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'Van Wilder'

'Van Wilder' is more childishness from National Lampoon

Friday, April 05, 2002

By Barbara Vancheri, Post-Gazette Staff Writer

Do you find any of the following funny? (Warning: Some of the selections could cause you to lose your appetite for breakfast, lunch or that coffee-break snack.)

 
 
'Van Wilder'

RATING: R for strong sexual content, gross humor, language and some drug content.

STARRING: Ryan Reynolds, Tara Reid

DIRECTOR: Walt Becker

WEB SITE: www.nationallampoon.
com/vanwilder

CRITIC'S CALL:

   
 

    a. Hearing "Splat!" after a suicidal college student takes a header off the roof and tumbles ... into a firefighter's net.

    b. Witnessing what happens when a substance called "Colon Blow" is unwittingly ingested.

    c. Watching pranksters stuff pastries with a concoction made largely of canine semen, disguised as a sugary filling.

    d. Projectile vomiting. See previous entry.

And don't worry. Or do worry. There's more where that came from in "National Lampoon's Van Wilder," a movie that pushes the boundaries of good taste so far that the Josh Hartnett comedy "40 Days and 40 Nights" seems almost refined and the long-delayed "Big Trouble" almost clever. Almost.

"Van Wilder" stars Ryan Reynolds from TV's "Two Guys and a Girl" in the title role as a college student who's been in school for seven years and has yet to earn a degree. He's a campus fixture, beloved by everyone from the constantly stricken Sick Boy to the charities he helps with wacky fund-raisers usually involving booze, underwear, nudity or some combination thereof.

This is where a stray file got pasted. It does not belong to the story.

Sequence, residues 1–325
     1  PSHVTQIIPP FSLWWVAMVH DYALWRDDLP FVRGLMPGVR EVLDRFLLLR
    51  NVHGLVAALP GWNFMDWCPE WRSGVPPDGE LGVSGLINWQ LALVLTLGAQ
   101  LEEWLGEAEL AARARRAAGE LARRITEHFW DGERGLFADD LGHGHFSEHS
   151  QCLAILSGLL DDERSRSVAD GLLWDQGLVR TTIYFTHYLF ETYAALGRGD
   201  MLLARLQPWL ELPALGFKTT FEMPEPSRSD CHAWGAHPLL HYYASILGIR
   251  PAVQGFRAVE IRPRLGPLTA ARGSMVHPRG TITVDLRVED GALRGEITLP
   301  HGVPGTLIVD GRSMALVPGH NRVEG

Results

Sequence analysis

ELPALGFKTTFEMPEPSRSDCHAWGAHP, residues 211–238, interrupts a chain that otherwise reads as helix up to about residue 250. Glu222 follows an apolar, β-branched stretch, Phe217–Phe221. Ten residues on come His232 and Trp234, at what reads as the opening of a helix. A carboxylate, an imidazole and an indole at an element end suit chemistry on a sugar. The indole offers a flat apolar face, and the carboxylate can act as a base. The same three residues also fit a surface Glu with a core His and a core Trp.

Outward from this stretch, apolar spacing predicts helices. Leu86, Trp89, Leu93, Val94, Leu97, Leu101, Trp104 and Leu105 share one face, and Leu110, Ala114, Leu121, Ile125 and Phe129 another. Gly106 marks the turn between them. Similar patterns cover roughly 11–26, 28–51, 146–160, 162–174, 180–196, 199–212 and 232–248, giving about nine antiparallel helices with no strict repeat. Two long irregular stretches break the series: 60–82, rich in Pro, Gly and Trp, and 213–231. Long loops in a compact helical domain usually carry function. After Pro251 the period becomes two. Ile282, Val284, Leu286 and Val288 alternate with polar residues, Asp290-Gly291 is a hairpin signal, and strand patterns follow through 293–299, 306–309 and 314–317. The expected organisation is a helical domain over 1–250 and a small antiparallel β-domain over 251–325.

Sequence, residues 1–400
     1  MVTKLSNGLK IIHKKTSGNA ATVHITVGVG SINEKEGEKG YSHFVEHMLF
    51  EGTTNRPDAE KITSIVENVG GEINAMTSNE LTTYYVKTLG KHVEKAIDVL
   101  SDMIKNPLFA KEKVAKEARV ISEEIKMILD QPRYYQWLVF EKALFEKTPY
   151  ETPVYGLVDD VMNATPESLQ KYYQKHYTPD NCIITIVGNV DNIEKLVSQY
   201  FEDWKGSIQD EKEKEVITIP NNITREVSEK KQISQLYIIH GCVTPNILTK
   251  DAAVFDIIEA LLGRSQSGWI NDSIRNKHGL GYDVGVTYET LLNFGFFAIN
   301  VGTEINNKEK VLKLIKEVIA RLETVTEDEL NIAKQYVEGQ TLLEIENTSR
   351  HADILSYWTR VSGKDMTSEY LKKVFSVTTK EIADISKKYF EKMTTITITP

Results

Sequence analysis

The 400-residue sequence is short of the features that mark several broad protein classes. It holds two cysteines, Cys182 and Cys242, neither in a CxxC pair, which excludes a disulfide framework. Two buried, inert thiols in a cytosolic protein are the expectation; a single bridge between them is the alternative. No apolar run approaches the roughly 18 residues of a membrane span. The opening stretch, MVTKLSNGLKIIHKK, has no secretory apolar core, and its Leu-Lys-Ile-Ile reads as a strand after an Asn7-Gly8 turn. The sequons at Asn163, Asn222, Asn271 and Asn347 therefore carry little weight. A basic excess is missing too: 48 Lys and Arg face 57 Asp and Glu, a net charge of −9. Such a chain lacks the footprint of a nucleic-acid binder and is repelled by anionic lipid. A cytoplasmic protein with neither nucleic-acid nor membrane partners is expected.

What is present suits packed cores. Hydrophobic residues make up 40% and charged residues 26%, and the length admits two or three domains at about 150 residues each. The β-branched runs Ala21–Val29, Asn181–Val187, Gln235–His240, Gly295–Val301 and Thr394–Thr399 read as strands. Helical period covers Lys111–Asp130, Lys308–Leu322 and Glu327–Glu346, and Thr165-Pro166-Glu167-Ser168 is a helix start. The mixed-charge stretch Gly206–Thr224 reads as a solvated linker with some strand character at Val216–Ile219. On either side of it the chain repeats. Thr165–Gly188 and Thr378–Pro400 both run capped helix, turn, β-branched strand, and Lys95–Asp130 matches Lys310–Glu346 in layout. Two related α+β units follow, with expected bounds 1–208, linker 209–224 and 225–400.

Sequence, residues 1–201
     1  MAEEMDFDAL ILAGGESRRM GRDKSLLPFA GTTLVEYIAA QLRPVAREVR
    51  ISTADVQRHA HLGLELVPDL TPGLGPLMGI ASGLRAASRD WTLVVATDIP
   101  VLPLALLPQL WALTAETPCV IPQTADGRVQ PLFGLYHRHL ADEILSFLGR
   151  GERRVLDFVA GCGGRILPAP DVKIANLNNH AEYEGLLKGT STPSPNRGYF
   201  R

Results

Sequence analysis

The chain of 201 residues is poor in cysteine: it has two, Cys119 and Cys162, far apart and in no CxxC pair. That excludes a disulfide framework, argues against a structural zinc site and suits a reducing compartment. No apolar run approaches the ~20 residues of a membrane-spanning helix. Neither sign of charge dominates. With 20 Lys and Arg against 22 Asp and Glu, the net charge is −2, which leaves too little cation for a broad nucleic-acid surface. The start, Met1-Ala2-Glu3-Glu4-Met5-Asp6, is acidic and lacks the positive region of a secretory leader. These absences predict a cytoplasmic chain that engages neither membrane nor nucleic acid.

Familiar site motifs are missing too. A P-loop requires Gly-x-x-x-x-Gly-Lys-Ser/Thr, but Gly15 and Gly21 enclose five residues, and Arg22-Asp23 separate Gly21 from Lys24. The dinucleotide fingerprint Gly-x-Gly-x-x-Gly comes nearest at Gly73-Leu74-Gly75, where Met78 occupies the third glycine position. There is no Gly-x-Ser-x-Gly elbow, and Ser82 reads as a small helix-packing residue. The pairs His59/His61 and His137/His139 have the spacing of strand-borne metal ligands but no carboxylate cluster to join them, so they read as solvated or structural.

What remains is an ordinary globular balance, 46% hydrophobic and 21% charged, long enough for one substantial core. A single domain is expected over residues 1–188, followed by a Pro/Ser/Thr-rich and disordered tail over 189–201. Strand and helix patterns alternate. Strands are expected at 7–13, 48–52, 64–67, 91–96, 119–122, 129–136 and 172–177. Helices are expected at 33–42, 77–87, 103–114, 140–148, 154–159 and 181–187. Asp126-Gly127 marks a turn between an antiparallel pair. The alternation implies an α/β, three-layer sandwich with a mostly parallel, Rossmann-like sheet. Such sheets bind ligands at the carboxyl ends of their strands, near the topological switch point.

When his wealthy, workaholic father (Tim Matheson) realizes Van is still in school -- and racking up $39,000 bills for tuition and housing -- he pulls the plug on the money. At the same time Van is faced with paying his own bills, a serious-minded journalism student named Gwen (Tara Reid) is assigned to do a story on Van. Gwen typically tackles much weightier issues and spends her free time with her aspiring physician boyfriend, Richard (Daniel Cosgrove).

As Van shares his philosophy about life, Gwen finds herself re-evaluating her own state of affairs and heart. Van and Richard, a selfish and self-important twit, end up in an R-rated grudge match.

As Van, Reynolds seems to be channeling the spirit of Chevy Chase. He glides through the movie on charm and a smirk. Reid, whose character's journalistic skills leave much to be desired, is the brainy babe who needs to learn to live in the present.

"National Lampoon" isn't exactly the Good Housekeeping seal of approval but it meant something when it preceded "Animal House" (also starring Matheson) and the Chevy Chase vacation movies. Here, the story and democratic hero are secondary to the putrid pranks, bathroom humor, sex jokes and topless women.

If that's a laundry list to your liking, have at it. Me, I'd like to have skipped this class in lowbrow laughs.

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